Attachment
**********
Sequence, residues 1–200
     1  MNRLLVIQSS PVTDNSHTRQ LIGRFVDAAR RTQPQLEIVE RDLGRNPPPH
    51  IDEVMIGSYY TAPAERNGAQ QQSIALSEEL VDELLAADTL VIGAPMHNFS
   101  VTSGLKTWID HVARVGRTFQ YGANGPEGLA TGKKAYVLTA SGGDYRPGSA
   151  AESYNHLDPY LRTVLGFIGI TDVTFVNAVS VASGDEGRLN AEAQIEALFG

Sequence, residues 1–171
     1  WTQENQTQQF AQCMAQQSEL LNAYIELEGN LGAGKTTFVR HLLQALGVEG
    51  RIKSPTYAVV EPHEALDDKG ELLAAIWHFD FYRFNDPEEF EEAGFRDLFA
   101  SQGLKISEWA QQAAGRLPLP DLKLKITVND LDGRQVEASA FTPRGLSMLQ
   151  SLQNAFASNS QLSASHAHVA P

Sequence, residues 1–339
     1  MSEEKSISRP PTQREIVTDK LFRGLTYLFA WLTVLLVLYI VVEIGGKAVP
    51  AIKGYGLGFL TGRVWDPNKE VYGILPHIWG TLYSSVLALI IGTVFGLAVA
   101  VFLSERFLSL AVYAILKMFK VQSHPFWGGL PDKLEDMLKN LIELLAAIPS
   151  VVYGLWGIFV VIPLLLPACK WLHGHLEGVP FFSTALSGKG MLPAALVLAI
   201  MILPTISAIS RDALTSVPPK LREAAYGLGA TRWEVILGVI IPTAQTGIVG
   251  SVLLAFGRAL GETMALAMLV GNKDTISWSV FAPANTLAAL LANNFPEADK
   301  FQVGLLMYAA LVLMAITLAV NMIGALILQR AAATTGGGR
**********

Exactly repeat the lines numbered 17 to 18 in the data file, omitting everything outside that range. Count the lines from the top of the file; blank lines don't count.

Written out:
   251  SVLLAFGRAL GETMALAMLV GNKDTISWSV FAPANTLAAL LANNFPEADK
   301  FQVGLLMYAA LVLMAITLAV NMIGALILQR AAATTGGGR